Salesforce.com and Oracle have each acquired companies whose technology helps companies use social media as a marketing channel.
Yesterday, SaaS CRM provider Salesforce.com announced its intention to buy Buddy Media for $689 million. Buddy Media offers a suite of services that allows businesses to create content for Facebook profile pages, and measure how social network users engage with and react to that content. Its customers include Ford, Hewlett Packard, L’Oreal and Mattel.
Salesforce.com got into the social media monitoring space with its acquisition of Radian6 in March last year. Buddy Media will sit alongside Radian6 in the company’s "Marketing Cloud" offering.
Marc Benioff, CEO of Salesforce.com, said that the combination of Buddy Media and Radian6 puts the company in a good position to capitalise on growing IT spend by marketing departments.
Meanwhile, Oracle has agreed to acquire Collective Intellect, a real-time text-mining and social analytics technology provider, for an undisclosed sum. The technology allows "open ended" analysis of social media content, so users can "can listen to and understand what is important to their consumers [and] gain faster insights and early warnings on important trends," the company claims.
In November last year, Gartner’s global head of research Peter Sondergaard predicted that by 2012, "CIOs will have lost effective control of 25% of their organisation’s IT spending" to the market department.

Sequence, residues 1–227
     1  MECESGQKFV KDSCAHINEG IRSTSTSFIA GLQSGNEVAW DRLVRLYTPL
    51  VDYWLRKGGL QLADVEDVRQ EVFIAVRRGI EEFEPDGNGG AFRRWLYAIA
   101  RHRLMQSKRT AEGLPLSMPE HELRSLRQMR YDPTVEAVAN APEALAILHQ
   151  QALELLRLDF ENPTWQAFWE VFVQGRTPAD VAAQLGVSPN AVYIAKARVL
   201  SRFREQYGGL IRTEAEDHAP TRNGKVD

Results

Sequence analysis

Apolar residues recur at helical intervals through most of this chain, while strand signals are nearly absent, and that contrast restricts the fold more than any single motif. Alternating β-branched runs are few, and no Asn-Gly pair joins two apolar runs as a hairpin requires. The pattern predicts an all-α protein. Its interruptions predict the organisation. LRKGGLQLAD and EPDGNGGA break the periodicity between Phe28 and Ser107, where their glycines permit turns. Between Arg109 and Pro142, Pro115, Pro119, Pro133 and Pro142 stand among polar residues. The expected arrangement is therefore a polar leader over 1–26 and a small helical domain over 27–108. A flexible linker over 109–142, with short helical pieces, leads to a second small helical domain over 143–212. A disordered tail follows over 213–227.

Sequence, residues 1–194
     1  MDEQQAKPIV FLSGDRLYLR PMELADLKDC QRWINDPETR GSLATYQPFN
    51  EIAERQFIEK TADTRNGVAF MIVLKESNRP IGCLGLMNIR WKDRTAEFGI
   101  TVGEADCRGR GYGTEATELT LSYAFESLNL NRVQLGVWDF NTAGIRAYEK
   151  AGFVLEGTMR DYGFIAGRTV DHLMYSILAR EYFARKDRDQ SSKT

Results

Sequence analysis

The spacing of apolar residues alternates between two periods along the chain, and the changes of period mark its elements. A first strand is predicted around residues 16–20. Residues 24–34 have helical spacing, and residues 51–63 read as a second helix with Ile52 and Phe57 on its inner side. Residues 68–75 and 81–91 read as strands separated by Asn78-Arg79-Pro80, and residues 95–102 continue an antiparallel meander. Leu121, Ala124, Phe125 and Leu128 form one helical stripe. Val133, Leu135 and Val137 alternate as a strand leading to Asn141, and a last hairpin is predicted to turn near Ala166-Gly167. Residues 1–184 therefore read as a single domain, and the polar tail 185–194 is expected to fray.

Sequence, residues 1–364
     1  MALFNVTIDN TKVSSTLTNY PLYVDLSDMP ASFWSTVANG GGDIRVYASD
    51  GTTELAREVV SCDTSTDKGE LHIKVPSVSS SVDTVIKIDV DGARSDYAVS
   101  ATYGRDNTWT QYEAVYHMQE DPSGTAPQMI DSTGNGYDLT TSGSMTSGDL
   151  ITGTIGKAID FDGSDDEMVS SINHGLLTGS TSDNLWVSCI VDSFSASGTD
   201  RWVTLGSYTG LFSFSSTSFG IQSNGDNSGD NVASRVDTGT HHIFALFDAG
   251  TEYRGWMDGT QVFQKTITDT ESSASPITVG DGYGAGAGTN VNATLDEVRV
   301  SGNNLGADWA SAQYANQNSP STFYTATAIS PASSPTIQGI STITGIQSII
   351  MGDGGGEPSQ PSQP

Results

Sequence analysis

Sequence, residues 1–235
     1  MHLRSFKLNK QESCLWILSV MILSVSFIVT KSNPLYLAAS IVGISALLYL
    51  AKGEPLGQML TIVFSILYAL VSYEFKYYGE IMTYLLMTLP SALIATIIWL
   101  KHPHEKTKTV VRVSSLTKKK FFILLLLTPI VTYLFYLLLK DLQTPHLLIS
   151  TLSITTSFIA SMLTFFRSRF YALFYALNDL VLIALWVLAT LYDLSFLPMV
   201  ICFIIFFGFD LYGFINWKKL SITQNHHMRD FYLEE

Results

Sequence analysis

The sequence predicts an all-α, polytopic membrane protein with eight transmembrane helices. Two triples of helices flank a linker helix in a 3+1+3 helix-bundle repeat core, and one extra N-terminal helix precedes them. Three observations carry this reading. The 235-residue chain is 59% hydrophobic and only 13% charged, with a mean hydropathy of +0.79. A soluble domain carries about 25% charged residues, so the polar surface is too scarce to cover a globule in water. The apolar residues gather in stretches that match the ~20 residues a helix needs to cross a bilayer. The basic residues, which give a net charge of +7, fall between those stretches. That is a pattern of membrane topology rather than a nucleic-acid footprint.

Since then, enterprise IT have been rapidly acquiring companies to boost their marketing technology arsenals.
In April of this year, IBM acquired "customer experience analytics" vendor Tealeaf, and Teradata acquired email marketing automation provider eCircle. Earlier this month, Oracle acquired Virtue, a social media marketing firm.
Meanwhile, since Facebook’s IPO last month, commentators have become increasingly skeptical of the value of social media as a marketing channel. A poll by Reuters and ipsos found this week the four out five Facebook users have never bought a product or service as a result of an advert on the site.
The survey also found that a third of users spend less time on the site than they did six months ago, describing it as "boring" and "not useful".
Last month, US car manufacturer General Motors pulled its adverts from the social network saying they had little impact on customer purchases.
As businesses struggle to generate sales through social media channels, many will turn to social media analytics and marketing integration technologies – an opportunity that the likes of Salesforce.com and Oracle are keen not to miss.